Michael Dee Gunn, MD

Professor of Medicine
Professor in Immunology
Associate Professor in Pathology
Member of the Duke Cancer Institute
Campus mail CARL Building Room 180B, Durham, NC 27703
Phone (919) 681-0840
Email address michael.gunn@duke.edu

The focus of my work is on understanding how dendritic cells, monocytes, and macrophages regulate immune responses, contribute to specific disease pathologies, and can be manipulated to stimulate or inhibit specific immune responses. We are also using our knowledge of immunology to develop diagnostics and therapeutics for a variety of human diseases. 

Lab History 

The lab started with our discovery of the lymphoid chemokines, which regulate the migration of lymphocytes and dendritic cells to and within secondary lymphoid organs.  We identified the chemokine (CCL21) that mediates the entry of naïve T cells and activated dendritic cells into lymph nodes and the chemokine (CXCL13) that mediates the entry of B cells into lymphoid follicles.  Our focus then shifted to understanding how specific cell types, primarily dendritic cells, and cell migration events regulate immune responses.  We identified murine plasmacytoid dendritic cells; the cell type that causes pulmonary immune pathology during influenza infection; the dendritic cell type that stimulates Th1 immune responses; the cell type that induces neuronal injury in Alzheimer's disease, and the macrophage type that stimulates pulmonary hypertension.  Our current work continues these basic studies while applying our findings to models of human disease. 

Current Research 

Tumor immune therapeutics – We have developed a novel cellular vaccine strategy for the treatment of cancer.  This strategy is much simpler, more cost effective, more clinically feasible, and much more efficacious than classic dendritic cell vaccines.  We are now determining the mechanisms by which this vaccine induces such potent immune responses and advancing it to initial human clinical trials.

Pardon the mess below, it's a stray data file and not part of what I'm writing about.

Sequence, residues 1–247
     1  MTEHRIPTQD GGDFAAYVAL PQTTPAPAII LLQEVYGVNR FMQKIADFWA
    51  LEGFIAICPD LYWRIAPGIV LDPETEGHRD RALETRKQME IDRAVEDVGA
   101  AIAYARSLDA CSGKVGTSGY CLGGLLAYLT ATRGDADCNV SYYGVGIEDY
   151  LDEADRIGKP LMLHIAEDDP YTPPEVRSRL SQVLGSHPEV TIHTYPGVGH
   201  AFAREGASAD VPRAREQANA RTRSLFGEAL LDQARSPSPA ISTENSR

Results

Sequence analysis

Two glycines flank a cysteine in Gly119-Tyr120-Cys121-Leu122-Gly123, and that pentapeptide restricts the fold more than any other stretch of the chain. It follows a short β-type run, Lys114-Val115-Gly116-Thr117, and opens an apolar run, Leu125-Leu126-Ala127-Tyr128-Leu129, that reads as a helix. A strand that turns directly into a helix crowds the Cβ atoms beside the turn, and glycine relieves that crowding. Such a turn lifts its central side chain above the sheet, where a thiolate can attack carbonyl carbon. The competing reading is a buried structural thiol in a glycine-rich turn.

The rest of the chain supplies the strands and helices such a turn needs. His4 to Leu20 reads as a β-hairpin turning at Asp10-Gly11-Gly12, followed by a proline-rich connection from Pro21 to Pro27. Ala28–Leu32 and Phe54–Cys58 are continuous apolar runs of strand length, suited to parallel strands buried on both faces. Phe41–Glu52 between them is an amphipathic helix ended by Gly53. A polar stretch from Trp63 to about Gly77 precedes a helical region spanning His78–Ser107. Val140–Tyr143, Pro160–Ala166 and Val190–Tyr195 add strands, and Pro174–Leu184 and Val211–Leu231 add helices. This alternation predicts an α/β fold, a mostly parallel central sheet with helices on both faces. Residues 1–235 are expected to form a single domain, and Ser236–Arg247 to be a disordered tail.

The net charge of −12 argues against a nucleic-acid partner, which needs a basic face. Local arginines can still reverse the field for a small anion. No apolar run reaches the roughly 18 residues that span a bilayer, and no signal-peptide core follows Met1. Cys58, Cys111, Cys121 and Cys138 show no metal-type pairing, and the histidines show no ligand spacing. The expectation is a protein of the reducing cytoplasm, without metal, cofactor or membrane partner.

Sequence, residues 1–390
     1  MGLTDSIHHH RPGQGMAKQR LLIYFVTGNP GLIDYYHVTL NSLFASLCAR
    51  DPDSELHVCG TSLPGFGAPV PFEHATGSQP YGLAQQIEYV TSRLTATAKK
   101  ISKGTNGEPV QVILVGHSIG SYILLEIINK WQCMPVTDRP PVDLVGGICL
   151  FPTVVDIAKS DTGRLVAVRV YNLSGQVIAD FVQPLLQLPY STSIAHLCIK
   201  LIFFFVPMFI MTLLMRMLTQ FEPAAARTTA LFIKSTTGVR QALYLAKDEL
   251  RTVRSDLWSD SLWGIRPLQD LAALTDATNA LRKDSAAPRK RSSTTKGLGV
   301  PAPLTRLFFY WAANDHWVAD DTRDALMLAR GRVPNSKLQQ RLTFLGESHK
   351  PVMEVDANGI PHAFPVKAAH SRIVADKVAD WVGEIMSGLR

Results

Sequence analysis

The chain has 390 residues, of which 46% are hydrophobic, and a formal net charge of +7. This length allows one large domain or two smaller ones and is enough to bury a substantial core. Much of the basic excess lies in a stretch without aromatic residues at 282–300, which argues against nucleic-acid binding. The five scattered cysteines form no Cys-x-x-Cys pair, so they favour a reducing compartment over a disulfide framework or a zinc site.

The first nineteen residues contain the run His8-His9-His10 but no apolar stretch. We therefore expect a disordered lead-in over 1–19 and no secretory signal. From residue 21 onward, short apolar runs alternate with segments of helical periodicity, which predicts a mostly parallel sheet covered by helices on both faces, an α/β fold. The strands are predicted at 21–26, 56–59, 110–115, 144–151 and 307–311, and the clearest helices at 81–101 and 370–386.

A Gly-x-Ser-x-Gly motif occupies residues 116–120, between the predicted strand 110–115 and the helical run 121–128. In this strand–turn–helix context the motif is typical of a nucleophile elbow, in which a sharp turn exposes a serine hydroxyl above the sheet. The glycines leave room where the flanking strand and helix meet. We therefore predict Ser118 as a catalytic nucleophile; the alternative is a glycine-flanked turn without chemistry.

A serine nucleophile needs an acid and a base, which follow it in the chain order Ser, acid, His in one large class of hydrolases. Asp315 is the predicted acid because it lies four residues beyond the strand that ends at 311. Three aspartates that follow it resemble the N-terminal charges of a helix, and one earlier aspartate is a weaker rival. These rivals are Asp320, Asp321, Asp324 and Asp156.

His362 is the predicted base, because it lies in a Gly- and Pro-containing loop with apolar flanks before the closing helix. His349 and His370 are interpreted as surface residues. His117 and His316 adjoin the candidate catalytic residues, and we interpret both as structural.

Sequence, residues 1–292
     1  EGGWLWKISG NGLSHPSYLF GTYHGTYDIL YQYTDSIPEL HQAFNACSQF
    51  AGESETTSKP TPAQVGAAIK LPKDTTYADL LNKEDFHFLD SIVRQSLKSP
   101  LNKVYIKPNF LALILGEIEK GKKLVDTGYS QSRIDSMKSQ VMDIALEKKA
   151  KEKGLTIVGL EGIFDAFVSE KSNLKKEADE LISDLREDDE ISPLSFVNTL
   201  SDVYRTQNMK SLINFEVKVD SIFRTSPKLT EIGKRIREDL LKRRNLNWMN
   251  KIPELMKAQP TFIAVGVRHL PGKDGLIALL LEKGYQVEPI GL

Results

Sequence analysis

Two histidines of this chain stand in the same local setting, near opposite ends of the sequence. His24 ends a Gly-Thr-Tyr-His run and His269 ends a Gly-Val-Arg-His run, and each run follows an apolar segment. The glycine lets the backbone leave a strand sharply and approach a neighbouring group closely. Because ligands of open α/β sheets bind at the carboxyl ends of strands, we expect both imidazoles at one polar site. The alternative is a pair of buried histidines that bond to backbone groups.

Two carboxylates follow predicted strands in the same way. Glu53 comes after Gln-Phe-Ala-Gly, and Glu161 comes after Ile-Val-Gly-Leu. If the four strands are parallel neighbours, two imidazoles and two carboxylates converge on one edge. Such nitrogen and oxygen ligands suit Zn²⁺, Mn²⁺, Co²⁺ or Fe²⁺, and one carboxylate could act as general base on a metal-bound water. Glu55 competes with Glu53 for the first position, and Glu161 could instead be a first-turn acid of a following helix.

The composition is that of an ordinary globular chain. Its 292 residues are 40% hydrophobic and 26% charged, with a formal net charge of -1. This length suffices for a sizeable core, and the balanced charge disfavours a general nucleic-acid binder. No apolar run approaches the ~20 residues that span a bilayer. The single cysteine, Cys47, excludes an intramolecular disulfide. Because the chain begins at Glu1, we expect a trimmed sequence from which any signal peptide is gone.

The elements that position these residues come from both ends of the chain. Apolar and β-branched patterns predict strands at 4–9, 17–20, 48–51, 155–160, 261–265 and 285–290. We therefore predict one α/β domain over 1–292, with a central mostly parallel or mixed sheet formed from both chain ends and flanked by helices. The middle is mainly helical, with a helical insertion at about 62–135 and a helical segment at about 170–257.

Development of recombinant antibodies as diagnostic reagents – Our lab has developed novel methods to generate recombinant single chain antibodies using phage display technology.  We are currently using these methods to generate pathogen-specific antibodies for use in diagnostic tests for a variety of human bacterial, viral, and fungal infections.  In collaboration with Duke Biomedical Engineering, we are deploying our antibodies in a novel diagnostic assay platform to develop point-of-care assays for the diagnosis of a variety of emerging pathogens.  Our recently developed point-of-care assay for Ebola virus displays a sensitivity superior to PCR at a fraction of the per assay cost.

Education and Training

  • Fellowship in Cardiology, Cardiology, University of California - San Francisco, 0018
  • Internship and Residency, Internal Medicine, Parkland Health & Hospital System, 0018
  • M.D., UT Southwestern Medical School, 1983


Fontes, Cassio M., Barbara D. Lipes, Jason Liu, Krystle N. Agans, Aiwei Yan, Patricia Shi, Daniela F. Cruz, et al. “Ultrasensitive point-of-care immunoassay for secreted glycoprotein detects Ebola infection earlier than PCR.” Sci Transl Med 13, no. 588 (April 7, 2021). https://doi.org/10.1126/scitranslmed.abd9696.